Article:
How Was Your Day … Jewelry Vendor?
WHY YOU SHOULD CARE
Because sometimes it’s OK to talk to strangers.
By Rachel Levin
In this occasional series, OZY takes to streets and neighborhoods across the globe to ask a simple question: “How was your day?”
Old Town Albuquerque, New Mexico
Pretty slow. I’ve been sitting here for 40 years — things aren’t like they used to be.
I’m Tarascan Michoacan. The Tarascans were metalsmiths in Mexico, the only tribe that didn’t get conquered by the Spanish or Aztecs — because they were tough. My father was born in New Mexico, in a town called Swastika. Really. To them it meant “happy,” but after the war they had to change it. I grew up in Taos and moved here in 1975 to study dance at the University of New Mexico. I started selling jewelry to help put myself through school. It was the turquoise boom, in the ’70s and ’80s. I used to come out here at 1 a.m. and sleep in my truck overnight to get a spot on the sidewalk. I’d wake up and throw my cloth as soon as we were allowed, at 7:30 a.m. Then work 12 hours and do it all again.
Now we have a lottery system; there are just 15 spaces for 50 of us. So I’m out here only two or three days a week. Seniority doesn’t count. I’ve been here for 40 years, but if someone new came in tomorrow, they could take my spot. It is what it is. Business is up and down. Some people sit here all day and make $12.
Turquoise just isn’t as popular anymore, but in many parts of the country, you still can’t get it. So I wear as much as I can; people freak out because I’m wearing so much. That’s what we do in New Mexico — we wear turquoise. I figure I’m a tourist attraction.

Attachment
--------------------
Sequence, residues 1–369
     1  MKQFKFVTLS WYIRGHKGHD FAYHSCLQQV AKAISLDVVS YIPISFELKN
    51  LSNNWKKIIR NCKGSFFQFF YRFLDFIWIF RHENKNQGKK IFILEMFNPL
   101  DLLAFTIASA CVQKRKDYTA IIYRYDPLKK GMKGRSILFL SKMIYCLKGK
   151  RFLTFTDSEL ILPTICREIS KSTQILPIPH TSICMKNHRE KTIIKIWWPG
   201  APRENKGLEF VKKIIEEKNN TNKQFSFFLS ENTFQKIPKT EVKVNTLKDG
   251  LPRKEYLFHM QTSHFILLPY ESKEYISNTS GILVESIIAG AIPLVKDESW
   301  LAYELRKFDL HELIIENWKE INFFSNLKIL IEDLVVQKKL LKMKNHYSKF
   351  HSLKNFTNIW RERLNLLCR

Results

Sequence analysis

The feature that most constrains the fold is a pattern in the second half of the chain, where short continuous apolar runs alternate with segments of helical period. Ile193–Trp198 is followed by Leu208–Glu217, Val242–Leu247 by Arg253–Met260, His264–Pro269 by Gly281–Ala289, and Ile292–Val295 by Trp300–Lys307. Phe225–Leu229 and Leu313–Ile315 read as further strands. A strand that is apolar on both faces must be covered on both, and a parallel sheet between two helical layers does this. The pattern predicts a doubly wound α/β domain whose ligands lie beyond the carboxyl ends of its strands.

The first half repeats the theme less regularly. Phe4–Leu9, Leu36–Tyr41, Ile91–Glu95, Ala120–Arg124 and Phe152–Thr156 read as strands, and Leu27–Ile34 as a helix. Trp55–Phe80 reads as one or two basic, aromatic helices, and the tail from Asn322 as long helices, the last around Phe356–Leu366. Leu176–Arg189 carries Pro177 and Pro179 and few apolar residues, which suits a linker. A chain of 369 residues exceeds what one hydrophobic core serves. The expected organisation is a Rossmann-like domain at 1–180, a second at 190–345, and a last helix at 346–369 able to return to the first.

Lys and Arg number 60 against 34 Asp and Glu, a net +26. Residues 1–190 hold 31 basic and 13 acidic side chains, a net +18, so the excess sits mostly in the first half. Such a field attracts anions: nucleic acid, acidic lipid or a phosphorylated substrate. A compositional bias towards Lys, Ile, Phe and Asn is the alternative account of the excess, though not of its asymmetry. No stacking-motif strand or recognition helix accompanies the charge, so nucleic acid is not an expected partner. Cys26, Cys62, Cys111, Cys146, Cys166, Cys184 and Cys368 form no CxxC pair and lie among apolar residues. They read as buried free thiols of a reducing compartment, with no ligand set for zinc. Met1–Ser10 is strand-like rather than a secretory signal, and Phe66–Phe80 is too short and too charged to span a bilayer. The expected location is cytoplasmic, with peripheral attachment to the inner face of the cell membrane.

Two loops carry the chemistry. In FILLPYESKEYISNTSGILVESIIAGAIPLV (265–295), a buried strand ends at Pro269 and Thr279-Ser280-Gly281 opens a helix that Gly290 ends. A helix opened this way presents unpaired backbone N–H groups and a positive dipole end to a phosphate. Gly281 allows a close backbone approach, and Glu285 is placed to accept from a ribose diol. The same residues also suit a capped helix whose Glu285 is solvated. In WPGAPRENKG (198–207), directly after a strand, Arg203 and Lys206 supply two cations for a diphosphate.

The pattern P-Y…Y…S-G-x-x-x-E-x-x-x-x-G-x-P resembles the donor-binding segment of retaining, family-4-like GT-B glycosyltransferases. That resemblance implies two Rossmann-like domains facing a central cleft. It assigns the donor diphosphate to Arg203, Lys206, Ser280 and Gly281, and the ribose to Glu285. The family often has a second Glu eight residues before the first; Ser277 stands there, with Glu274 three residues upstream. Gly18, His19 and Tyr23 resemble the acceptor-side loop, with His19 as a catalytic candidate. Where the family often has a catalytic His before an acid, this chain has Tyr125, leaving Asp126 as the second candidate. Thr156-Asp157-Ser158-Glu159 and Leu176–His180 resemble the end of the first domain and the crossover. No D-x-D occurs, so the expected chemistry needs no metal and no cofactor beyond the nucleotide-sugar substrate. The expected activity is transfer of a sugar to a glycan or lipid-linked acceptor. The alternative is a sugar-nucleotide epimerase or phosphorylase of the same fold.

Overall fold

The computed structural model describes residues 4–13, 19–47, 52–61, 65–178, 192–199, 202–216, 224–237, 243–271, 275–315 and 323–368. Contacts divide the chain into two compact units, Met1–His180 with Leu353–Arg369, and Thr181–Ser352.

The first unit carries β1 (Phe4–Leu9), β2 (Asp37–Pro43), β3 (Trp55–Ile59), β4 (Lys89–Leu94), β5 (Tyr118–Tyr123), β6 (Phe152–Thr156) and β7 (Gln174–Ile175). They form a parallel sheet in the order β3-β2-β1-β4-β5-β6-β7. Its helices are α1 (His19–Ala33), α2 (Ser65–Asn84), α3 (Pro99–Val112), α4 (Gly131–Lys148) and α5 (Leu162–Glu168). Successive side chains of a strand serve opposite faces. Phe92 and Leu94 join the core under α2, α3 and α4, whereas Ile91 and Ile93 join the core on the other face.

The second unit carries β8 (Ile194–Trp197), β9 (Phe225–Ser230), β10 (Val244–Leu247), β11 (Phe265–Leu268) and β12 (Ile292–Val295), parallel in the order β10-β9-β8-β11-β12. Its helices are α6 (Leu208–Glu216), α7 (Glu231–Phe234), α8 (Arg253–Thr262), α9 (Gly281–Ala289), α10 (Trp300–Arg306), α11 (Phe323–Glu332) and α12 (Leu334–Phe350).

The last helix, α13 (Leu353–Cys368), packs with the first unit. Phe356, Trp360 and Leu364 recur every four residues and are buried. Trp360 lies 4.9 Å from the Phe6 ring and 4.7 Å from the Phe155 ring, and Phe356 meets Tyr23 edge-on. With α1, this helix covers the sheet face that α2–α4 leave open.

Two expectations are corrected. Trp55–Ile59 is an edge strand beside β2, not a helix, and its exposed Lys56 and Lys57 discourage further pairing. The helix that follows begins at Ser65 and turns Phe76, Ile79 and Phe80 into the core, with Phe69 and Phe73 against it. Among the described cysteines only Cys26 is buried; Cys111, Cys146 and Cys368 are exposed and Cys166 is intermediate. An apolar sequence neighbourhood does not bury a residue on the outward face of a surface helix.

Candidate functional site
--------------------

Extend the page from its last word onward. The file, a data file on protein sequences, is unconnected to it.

I don’t like to say how much money I make because the merchants like to use it against us; the shop owners don’t like us vendors. And they really don’t like me — being the rabble-rouser that I am, I led a boycott of the merchants in 1990, when they kicked us out. But we fought back and were back on our blankets, selling our jewelry, a few months later. We have more restrictions than we did in the ’70s. Now we have to make our own stuff, which I really enjoy. I like to keep up my inventory.
I never graduated from UNM; I had 12 [credit] hours left, but I ran out of money. A few years ago, I tried to go back to school and finish my degree. But they told me my credits didn’t count anymore, that I’d have to start all over again. So I said, adios, I’ll be a street vendor. I don’t mind. I like being outside. I like talking to people from all over the world. I’ve learned a lot over the years.
Like whenever a tourist says, “I’ll be back” — you know they won’t.
—As told to Rachel Levin.